Day 25 of the government shutdown. Trump Crazy Train Rolls.
I’ve been thinking about salary and compensation.
What I realize now, as I am interviewing and hiring people like crazy, and also while I am myself looking to make a change, that we have been gently and quietly conditioned to accept as ‘normal’ the expectation that we should work between 48 – 55 hours each week; that we must be available for evening calls and checking email on weekends and generally accomplishing much more that can be achieved in the 40 hours that forms the basis for our salary.
I have been complicit in this myself; cowed, apparently by the need to have a job and without the confidence I suppose to negotiate a better salary for the work expectations. On the other hand, I routinely see, even at my current organization, a flat refusal to pay for better talent. Companies will accept mediocrity and high turnover rather than pay someone with a higher skill set and higher commitment to excellence, which ultimately is the better value.
I have been averaging around 55 hours or so each week now pretty much since I started here 6 months ago. This is around 25% more hours than I am being paid for. So this needs to change. Or I would gladly keep my salary the same if I could work 40 hours without judgment or punishment—meaning the workload would need to be re-aligned with effort expectations.
Just this week some new finance policy took hold that will result in adding around 3 – 5 hours to my workload each week—with no acknowledgment that I must let something else suffer or increase my time to maintain quality in my core job areas.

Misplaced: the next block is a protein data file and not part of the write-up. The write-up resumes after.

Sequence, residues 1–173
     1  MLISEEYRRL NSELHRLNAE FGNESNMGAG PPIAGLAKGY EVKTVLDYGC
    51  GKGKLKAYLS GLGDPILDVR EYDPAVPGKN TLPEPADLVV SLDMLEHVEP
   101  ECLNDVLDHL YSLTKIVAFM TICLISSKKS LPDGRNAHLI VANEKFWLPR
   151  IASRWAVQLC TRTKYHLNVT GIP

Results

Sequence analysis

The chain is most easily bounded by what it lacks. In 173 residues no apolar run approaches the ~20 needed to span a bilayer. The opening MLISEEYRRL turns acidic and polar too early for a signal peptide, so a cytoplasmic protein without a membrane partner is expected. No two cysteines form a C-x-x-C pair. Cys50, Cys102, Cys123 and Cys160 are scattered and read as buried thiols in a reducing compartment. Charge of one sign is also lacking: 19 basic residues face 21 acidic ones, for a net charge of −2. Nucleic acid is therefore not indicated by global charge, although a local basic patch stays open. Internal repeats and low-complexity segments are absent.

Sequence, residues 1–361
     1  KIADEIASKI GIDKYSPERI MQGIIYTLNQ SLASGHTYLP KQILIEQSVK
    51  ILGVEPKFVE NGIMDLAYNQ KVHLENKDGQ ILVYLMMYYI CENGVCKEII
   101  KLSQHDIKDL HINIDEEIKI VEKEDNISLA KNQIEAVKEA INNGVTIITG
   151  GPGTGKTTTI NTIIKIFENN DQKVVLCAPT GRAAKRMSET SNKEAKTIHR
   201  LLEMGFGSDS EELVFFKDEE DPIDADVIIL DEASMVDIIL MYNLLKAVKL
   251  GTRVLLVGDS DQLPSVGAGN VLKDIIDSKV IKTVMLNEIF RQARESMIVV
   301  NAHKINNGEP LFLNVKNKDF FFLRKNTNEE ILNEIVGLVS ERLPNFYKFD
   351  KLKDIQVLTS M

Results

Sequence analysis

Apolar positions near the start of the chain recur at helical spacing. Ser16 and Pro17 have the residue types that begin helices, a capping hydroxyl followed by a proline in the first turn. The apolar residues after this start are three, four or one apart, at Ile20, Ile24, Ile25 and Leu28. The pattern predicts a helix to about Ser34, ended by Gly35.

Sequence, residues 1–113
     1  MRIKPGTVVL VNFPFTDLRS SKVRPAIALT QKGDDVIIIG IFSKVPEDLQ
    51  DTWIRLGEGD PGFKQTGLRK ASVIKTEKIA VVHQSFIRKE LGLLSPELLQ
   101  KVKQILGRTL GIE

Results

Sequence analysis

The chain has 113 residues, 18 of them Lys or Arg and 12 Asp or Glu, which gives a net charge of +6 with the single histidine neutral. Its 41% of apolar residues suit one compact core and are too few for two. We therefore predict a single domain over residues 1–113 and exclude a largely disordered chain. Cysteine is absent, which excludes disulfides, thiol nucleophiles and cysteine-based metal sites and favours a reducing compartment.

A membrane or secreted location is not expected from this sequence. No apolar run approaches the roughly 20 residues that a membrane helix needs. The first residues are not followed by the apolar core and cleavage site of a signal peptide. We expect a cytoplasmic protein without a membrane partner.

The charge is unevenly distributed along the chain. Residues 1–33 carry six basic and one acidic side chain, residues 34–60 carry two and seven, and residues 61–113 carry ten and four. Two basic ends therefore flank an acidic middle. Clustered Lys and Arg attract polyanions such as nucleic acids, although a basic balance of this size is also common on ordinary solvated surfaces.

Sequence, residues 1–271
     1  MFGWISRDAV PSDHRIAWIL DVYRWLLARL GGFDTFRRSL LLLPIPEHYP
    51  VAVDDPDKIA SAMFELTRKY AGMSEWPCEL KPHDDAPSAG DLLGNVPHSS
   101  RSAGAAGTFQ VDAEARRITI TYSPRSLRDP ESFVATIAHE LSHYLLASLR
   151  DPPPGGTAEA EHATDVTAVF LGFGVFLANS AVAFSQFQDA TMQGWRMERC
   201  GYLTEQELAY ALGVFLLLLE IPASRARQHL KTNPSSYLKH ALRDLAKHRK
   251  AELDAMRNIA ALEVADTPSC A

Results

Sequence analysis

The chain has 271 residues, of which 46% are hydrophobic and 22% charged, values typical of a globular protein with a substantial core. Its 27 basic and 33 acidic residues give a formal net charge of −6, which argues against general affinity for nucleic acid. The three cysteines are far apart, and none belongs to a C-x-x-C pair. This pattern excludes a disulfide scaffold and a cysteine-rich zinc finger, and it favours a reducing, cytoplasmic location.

I have been in pretty near constant communication with Sue from MYO these past couple of weeks. There are so many alumni still trying to move forward. To find a way to advance their station and circumstances and many still need a helping hand. We have always known that some would not turn out to be academic super stars and so they must find another way. Trades or tourism. Something.
Sue is magnificent. Compassionate but practical and tough. She listens and makes recommendations but always with an eye to promoting personal accountability. But there are just so many kids that need assistance that it is overwhelming.
Feature picture is just an old photo from camping on the Continental Divide between Idaho and Montana. Jamie’s grandkids. Good weekend and amazing place.